Sunday, September 27, 2009

100 Days to Goal

On September 23rd, just a few days ago, the calendar hit the 100 days to the end of the year. Many of us set goals every year in January and by the time spring break comes; most of us have forgotten what those goals were.

First of all, if you did set some goals at the beginning of the year, congratulations! Less than 5% of the world sets goals and achieves them. If you have never set a goal or been serious about setting a goal, NOW is a great time to set a goal to complete it by the end of the year. As we approach October, we have 3 months or approximately 90 days to accomplish a goal. It can be anything you have been putting off all year. A fitness goal, financial, a special project, or maybe something fun like spending every Friday night with your family playing board games. You decide, but get into the habit of setting and achieve goals.

In Scouts, most of the kids have no idea that they have set a goal and are working on achieving it. As soon as they join scouting, either at the Cub Scout level or at the Boy Scout Level, they are working towards their ranks. In Boy Scouts, the big goal is the Eagle rank. Once an Eagle, Always an Eagle. It does not matter when a boy joins Scouts, he has a set deadline to make Eagle; his 18th birthday. Over 2 million boys in the United States have become members of an elite club. At an early age, these boys have become goal achievers. You can review the number of government leaders in office today and in the past to see goal achievers with the Eagle Scout rank on their resume.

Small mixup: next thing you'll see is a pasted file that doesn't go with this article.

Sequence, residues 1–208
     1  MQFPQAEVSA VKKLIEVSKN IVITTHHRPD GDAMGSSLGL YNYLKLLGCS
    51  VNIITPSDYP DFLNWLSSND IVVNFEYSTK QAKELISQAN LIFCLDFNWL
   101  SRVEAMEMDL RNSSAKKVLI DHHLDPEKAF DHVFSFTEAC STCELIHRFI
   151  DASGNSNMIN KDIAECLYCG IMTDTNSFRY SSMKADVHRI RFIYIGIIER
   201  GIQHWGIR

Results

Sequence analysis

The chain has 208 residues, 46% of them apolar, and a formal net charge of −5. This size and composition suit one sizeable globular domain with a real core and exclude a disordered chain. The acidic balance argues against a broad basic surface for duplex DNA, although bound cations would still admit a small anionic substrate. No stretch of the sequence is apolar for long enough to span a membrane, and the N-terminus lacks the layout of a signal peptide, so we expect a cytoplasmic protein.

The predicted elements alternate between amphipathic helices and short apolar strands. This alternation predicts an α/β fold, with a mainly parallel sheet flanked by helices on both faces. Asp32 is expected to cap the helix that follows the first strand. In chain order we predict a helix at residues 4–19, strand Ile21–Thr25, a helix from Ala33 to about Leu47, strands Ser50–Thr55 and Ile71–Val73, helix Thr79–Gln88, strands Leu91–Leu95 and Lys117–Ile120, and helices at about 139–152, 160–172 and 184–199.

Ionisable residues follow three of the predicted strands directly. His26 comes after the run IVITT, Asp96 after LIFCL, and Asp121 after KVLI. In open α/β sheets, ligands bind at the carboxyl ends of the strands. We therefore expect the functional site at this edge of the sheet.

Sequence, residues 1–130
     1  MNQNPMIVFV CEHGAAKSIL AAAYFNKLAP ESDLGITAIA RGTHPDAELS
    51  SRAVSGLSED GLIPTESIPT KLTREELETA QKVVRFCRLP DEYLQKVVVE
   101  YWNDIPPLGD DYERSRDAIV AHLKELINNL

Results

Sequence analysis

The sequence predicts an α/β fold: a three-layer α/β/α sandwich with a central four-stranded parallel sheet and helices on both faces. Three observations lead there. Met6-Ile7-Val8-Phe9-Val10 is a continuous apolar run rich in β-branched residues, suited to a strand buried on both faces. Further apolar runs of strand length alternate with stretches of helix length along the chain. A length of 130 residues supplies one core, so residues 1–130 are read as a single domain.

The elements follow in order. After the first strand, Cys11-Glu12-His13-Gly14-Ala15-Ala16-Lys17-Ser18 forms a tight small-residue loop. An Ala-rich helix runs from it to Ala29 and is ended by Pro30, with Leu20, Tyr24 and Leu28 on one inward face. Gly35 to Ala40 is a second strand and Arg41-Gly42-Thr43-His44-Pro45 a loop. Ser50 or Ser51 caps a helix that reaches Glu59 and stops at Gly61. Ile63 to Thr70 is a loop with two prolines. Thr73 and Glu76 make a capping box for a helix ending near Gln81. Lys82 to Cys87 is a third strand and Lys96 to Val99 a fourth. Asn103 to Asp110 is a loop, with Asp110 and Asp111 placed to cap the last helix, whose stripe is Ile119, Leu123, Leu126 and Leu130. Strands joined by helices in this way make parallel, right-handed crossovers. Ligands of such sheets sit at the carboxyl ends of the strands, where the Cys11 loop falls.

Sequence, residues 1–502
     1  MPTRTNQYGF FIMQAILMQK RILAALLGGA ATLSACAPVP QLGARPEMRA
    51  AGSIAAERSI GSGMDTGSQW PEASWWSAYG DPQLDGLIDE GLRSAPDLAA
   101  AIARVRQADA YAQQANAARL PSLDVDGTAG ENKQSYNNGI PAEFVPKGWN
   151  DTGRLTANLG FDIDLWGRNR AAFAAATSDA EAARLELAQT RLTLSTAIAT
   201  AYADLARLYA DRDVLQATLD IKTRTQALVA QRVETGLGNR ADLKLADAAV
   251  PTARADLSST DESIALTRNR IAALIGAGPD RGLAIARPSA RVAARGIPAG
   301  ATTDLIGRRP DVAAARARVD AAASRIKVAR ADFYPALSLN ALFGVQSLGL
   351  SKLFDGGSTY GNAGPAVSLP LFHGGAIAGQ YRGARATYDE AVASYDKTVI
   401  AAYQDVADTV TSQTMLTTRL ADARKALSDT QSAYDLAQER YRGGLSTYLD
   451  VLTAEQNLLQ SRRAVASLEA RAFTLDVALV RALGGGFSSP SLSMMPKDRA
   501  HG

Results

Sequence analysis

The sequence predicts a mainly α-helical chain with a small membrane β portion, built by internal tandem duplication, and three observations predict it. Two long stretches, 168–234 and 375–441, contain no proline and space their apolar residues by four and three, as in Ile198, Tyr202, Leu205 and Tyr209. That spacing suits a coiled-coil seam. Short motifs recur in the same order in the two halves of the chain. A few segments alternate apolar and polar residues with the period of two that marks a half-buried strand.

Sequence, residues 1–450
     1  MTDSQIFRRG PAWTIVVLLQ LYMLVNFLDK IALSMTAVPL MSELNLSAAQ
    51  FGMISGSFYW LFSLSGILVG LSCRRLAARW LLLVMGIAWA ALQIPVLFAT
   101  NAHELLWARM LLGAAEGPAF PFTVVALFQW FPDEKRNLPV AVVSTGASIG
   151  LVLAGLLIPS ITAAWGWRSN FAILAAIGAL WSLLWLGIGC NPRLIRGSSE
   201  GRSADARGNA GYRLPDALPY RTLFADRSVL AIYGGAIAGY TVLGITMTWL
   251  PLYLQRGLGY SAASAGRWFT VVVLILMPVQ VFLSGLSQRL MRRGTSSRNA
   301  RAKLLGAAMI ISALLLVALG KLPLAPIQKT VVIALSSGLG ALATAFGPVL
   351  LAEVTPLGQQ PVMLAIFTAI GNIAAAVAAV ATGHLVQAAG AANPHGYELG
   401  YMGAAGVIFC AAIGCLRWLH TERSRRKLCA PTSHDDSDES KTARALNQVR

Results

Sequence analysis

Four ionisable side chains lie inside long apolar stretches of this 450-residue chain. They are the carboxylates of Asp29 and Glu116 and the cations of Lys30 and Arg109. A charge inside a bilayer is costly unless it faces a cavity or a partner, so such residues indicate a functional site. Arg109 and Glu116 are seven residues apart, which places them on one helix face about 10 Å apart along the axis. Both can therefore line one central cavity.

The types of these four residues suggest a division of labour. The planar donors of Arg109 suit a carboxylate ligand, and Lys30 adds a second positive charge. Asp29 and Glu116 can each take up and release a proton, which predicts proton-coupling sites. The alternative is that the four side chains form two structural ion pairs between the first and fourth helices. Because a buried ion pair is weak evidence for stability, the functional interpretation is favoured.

If you are an Eagle Scout, congratulations, you are a goal achiever. If you have not set goals in a while, it is time to get back to your roots.

The time is NOW to set and achieve goals. You have about 100 days to goal. If you need help, you can contact a life coach, look online, or check out your library for books on goals setting. There is plenty of material to get you started. I recommend the Goal Achiever program from Bob Proctor. Jodee Bock, in the Fargo-Moorhead area facilitated the program I went through. It changed my thinking and helped me move towards my life purpose. You can contact Jodee at

Lead by Example,

Scouter Steve

Monday, September 21, 2009

Joining New Units

We relocated to beautiful Colorado. The kids are settled into school. We were fortunate enough to have a great scouting experience in Arizona and Minnesota. In both locations, we built strong relationships with Scouters and we consider them to be great friends. Now that we have moved, we needed to find new units for our boys.

When we moved to Minnesota, I did most of the looking and deciding for the boys. This time around, the boys did their own picking. Our youngest boy seems to be very happy with his new Pack. His Cubmaster showed up to the Pack meeting in a costume. During the Pack meeting, the boys made popcorn balls… what else to kick-off the popcorn selling season.